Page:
In my experience you're meant to do the 90° turn before coming to a stop in Germany, and after the stop in Switzerland; such that in your case you just accelerate straight once the second traffic light turns green, that's the position for which the traffic light should be adjust.

PS: on the top view you can also see similar waiting places for coming from the south on Berliner Straße and turning left into Im Neuenheimer Feld; and with lane marking, the way to go from the north into Jahnstraße to the east.

• So turning right and doing a U-turn in front across the traffic is supposed to be safer than just turning left across the traffic? *boggle* At least if I'm turning left, I can give a clear signal, well in advance. For the U-turn version, there's no possibility of signalling in advance, since you can't signal left (the best approximation to "I'm about to do a U-turn right in front of you") until you've completed the right turn. – David Richerby Apr 6 '18 at 10:10
• i don't think i follow. one is meant to go straight, on the very right of the lane all the way accross the road coming from the left, across the tram, across most of the road coming from the right, all that as if going straight, leave the lane to the right (all traffic really going right, is long gone), leaving the lane to the right into the space between the pedestrian crossing and the traffic going straight - there is practically nothing going on in that part of the road, nobody uses it when Jahnstraße has green, and then in this void space turn left 90°, not a full U-turn – pseyfert Apr 6 '18 at 12:49
• (but … I can't stay objective on the road planning in that town … I find it rather discriminating than regulating) – pseyfert Apr 6 '18 at 12:51
• Oh, I see. Your edit makes it much clearer. I'm actually supposed to go straight on while the traffic to my left is trying to turn right across me, then wait for a light that I can't see and turn 90 degrees in the width of a bike lane. I'd still rather just turn left! (Or get off the bike and cross as a pedestrian.) – David Richerby Apr 6 '18 at 13:19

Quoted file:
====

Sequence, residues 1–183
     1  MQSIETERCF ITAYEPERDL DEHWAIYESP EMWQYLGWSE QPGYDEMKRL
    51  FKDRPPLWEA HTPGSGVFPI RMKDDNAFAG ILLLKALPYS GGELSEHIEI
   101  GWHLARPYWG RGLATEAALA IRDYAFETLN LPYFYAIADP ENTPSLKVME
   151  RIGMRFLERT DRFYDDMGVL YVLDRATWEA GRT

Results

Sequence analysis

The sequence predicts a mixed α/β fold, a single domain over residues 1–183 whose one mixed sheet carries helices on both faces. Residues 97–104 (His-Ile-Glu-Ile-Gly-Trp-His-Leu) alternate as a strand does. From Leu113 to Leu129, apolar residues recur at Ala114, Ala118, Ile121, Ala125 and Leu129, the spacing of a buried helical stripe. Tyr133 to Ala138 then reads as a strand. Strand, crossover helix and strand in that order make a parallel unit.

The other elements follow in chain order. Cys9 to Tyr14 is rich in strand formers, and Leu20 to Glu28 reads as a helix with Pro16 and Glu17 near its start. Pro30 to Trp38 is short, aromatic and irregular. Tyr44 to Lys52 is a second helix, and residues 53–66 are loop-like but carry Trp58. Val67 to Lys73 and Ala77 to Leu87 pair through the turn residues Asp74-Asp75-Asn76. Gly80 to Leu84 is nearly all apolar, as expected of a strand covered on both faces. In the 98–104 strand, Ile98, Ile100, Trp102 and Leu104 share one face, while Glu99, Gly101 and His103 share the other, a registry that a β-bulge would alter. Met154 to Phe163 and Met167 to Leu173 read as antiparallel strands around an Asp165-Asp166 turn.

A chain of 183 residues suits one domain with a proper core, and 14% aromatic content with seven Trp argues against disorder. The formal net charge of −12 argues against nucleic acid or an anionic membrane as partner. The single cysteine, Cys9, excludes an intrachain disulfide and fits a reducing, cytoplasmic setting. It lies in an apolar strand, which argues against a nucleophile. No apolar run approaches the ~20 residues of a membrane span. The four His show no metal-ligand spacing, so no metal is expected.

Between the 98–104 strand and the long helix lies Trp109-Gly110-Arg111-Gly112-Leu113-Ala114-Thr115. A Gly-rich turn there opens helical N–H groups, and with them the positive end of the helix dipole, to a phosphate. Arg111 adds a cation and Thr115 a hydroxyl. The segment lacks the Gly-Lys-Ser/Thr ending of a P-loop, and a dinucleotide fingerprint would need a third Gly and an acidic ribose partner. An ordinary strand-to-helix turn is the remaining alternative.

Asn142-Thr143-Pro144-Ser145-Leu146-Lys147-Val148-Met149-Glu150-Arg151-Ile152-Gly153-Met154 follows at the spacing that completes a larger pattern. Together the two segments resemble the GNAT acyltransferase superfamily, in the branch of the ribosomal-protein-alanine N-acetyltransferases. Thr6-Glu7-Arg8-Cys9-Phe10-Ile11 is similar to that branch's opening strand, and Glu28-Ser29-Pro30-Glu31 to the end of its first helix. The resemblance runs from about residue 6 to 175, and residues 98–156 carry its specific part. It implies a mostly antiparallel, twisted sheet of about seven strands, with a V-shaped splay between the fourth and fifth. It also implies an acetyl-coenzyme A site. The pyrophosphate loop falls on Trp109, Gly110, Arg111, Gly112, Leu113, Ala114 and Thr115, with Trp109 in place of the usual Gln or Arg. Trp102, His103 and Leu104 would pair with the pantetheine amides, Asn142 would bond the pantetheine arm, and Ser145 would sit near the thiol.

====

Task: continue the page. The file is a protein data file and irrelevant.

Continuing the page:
• SPOT ON! of cause the planner intends that: right turning cars pay attention (the same way they need to pay attention for pedestrians), and the traffic light (the one I drew red) is meant to be visible, and 'turn 90° in the width of a bike lane' happens at next-to-standing speed or you re-adjust the position while waiting for green. … but in practise you're right. (warning: just turning left might be - don't know - a traffic violation and the police in heidelberg has experience in setting hidden watchers at common violated crossings and then catch you one block further in a blocked road) – pseyfert Apr 6 '18 at 13:42

Your first interpretation seems correct: you get special bike only green which allows you to position yourself at the front of traffic coming from the right on the cross street, effectively making a two stage left turn whilst staying on the right of other traffic.

However, you say that when the bike only light is green, traffic coming from the left on the cross street also has a green, so that obviously does not work.

It's not inconceivable that the light timing is set up incorrectly. You should contact whichever local authority deals with traffic lights and ask them investigate if the lights are functioning correctly - the situation you describe sounds like it could get a cyclist killed very easily.

You can also ask them to clarify how the junction works, and perhaps request extra signage.

If you want to go left you'll have to position yourself at the right edge of the road. When you get a green (cycle only) light you'll cross the street that come from the right at the pedestrian crossing and you'll wait at the red traffic lights on that street. When they switch to green you go straight ahead.

In fact it's a two steps left turn with the advantage that you don't cross the path of in-coming cars. The downside is that you'll have to wait twice at red lights on that crossing.

The additional white panel tells you what to do: Wait at the traffic lights for the cars coming form the right. A red cycle lane that you see in the picture lies ahead of you.